Microsoft has named Satya Nadella is its next CEO. Nadella takes the reigns from Steve Ballmer who has headed the company since founder Bill Gates stepped down a decade ago.

Nadella has been at Microsoft for 22 years, working on the Xbox, Office, and Bing teams, among others. Microsoft is in the middle of a big change.

Satya Nadella

The company has long been best known for making software, but in recent years Microsoft has been trying to transition into a “devices and services” company. Nadella’s experience working on cloud services shows that Microsoft’s priorities are shifting.

Meanwhile Bill Gates is stepping down from his position as chairman of the board of directors. But that’s because he’s taking a more hands-on role as “Founder and Technology Advisor.”

Former CEO Steve Ballmer will hold a position on the board of directors, but Nadella takes over as CEO starting immediately.

 

 

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8 replies on “Meet Microsoft’s new CEO: Satya Nadella”

  1. Intel has done well recently making their chips more efficient so it would seem like there isn’t a need for RT. It’s hard to say how things will be in a few years. If ARM starts to outpace Intel, then Microsoft is going to need an OS that runs on ARM. I think they should merge Windows RT and Windows Phone into one mobile OS. There isn’t much difference between RT and Windows Phone. They could make the interface change depending on screen size. They should drop the “Windows” name from the mobile OS. You’re not using “windows” when all your apps are running full screen. They could call it Microsoft Go, or Microsoft Mobile.

  2. It seems a lack of hair is the new requirement for being in charge of Microsoft? 🙂
    If they are going more into hardware and not just software, perhaps they are trying to be more like Appple?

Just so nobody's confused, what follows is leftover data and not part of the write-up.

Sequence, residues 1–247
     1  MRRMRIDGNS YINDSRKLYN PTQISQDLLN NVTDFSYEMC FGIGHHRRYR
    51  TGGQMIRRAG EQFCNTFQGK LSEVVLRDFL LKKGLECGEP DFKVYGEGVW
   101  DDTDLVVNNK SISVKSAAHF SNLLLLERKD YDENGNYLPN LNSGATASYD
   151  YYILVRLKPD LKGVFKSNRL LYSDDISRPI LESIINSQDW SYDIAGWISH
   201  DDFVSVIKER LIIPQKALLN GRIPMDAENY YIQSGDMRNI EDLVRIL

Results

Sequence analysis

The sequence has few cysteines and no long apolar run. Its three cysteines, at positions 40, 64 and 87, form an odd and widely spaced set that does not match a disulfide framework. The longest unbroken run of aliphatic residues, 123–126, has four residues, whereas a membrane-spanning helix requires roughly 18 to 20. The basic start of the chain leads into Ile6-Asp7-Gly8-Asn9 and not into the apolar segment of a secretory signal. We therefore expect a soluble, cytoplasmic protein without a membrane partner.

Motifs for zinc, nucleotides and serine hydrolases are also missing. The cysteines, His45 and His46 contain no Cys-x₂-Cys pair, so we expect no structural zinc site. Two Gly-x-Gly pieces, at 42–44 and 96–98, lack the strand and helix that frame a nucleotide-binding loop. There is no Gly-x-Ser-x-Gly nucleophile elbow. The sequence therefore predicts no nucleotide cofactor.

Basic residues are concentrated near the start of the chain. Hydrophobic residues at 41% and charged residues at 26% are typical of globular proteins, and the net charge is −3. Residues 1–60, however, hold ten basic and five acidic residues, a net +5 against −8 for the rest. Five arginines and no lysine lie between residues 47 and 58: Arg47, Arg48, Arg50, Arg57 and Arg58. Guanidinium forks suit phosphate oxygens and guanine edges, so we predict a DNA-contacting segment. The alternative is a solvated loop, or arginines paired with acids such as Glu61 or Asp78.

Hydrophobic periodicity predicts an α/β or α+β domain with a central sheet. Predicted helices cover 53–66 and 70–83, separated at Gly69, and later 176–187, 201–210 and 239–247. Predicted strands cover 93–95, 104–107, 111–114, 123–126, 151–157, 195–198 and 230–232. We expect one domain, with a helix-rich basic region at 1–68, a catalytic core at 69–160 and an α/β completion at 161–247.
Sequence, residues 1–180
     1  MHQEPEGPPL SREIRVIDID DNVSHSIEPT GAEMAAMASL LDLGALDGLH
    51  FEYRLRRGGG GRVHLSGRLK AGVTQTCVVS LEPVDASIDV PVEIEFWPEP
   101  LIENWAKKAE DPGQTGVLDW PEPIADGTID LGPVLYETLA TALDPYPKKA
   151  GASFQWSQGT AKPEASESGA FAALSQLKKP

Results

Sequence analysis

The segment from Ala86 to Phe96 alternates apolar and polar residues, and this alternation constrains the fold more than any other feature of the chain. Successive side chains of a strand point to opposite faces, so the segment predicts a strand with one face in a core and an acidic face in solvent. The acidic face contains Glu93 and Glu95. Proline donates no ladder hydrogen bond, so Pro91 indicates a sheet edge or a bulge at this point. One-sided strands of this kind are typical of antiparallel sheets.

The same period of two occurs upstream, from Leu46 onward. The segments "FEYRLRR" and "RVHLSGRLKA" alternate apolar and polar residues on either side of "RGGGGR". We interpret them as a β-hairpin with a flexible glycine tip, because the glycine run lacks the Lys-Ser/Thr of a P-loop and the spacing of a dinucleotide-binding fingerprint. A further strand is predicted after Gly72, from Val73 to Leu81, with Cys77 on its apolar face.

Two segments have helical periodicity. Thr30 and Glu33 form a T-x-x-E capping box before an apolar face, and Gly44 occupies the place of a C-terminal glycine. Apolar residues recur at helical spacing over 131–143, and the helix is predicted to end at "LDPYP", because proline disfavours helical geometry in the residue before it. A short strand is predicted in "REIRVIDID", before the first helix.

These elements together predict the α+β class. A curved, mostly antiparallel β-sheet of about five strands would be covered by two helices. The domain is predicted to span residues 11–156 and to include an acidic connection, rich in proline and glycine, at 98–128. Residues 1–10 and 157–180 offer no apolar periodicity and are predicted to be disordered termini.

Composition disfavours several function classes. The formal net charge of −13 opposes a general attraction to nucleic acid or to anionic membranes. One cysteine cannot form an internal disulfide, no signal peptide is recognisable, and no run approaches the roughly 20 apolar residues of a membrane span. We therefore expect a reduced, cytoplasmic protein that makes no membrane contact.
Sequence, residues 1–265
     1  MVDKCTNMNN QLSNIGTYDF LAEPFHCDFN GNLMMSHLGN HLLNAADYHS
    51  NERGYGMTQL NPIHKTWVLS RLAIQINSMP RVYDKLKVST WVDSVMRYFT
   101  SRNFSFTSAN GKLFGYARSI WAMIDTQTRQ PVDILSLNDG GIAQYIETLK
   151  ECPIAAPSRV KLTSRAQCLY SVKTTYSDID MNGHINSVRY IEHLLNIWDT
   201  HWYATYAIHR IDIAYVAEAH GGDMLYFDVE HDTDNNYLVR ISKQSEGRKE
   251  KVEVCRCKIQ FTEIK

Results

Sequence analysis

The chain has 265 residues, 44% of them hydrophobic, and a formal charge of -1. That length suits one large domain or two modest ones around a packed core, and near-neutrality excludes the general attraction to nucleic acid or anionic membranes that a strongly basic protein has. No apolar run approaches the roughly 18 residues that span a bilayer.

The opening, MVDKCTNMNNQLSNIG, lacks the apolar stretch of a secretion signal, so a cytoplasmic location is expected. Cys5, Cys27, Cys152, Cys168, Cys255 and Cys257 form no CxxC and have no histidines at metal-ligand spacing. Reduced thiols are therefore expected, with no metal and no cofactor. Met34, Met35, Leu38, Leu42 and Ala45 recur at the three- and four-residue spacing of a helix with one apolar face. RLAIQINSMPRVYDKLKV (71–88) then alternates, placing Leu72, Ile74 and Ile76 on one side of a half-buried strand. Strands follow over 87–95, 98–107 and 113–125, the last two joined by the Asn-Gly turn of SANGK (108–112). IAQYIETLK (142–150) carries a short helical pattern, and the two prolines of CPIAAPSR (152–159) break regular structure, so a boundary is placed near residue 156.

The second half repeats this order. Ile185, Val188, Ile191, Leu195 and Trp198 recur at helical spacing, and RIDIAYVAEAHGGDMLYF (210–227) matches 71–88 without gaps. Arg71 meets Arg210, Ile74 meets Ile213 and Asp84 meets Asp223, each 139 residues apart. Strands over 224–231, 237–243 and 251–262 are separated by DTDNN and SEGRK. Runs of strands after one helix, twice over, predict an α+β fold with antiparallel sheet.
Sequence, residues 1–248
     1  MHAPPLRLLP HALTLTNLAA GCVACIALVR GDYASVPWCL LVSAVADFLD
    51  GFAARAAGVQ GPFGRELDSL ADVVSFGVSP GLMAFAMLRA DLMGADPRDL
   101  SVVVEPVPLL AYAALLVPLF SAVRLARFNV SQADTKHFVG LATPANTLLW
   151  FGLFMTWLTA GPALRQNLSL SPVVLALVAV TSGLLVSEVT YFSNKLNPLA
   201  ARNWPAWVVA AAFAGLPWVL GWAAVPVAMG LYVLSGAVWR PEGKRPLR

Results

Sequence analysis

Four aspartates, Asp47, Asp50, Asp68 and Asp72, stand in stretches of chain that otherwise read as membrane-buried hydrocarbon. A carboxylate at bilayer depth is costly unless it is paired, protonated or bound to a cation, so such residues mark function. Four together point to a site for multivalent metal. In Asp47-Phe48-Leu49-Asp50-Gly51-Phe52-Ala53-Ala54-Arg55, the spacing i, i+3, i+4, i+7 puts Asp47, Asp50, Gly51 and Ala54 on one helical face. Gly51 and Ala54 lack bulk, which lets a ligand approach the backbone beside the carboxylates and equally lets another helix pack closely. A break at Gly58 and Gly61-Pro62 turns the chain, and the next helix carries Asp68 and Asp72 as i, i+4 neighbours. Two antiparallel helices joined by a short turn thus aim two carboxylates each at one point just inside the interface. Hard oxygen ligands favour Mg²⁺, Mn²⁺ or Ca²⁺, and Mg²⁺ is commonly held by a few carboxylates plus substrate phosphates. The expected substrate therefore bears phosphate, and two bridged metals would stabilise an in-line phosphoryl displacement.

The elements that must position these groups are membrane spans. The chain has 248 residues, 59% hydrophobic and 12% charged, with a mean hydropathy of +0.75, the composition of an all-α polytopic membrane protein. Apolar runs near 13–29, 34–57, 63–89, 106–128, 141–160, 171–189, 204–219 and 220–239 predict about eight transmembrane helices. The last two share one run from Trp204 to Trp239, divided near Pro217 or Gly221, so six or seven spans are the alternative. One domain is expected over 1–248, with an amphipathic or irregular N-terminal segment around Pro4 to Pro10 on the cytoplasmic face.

I think they should rename Windows 8 to be Windows Tab since it is more suited for tablet computers and other similar devices. I think Windows 9 should be more like Windows 7; more business oriented.
    Hopefully they won’t force their operating system on those who don’t need and/or want it. Hopeing they will stop ‘rattling their sword’ towards non-Windows operating systems.

    1. I think it’s time the OS on xbox, desktop, tablets, and phones was one single entity, and that support for ARM gets more robust….

      Also, I think MSFT should stop playing ball with any other industry and provide software people want instead of erecting artificial boundaries and following the examples of Google and Apple…

  3. Lots of talk about selling off Bing and Xbox. I doubt either will happen. They will be needed as part of Microsoft’s future integration plans. What should happen first is killing of RT.

    1. Bing I can sorta see, but they’d be leaving the search market entirely up to Google, so who knows if that’s a wise long term decision. Barriers to new entrants in the space are pretty high.

      xBox, I’ve been saying for years, is MSFT’s ace: it should be light years ahead of Apple TV and competing products but it isn’t for lack of execution. Talk about Sony selling Playstation makes me shiver in the same way.

      But RT? Come on, now that ARM processors are finally getting powerful enough to challenge x86, it would be the worst possible moment to do that.

      Bloomberg had a commentator suggesting that Nadella is a ‘product’ guy, not a bookkeeper, and this is the most significant part of the change at the top, and I get that, seems like it makes sense, and it definitely jibes with Ballmer’s comments about the direction and leadership MSFT needs.

      1. Why have Windows, RT and Windows phone? RT and Windows phone should be one OS that can run on different types of devices (like iOS and Android). This should be on phones, home automation, cars, POS terminals, etc. With the new very efficient chips from Intel there is no reason not to run full Windows on tablets. It gives them an advantage over the competition. I just want to see the UI change automatically depending on usage. Docked it is the traditional UI, handheld it is “Modern (Metro)”.

  4. Good luck! This is like being handed the helm of the Titanic just as the iceburg has been discovered. The ship can be saved if you do the right things, but it is hard to know what is right until a long time after.

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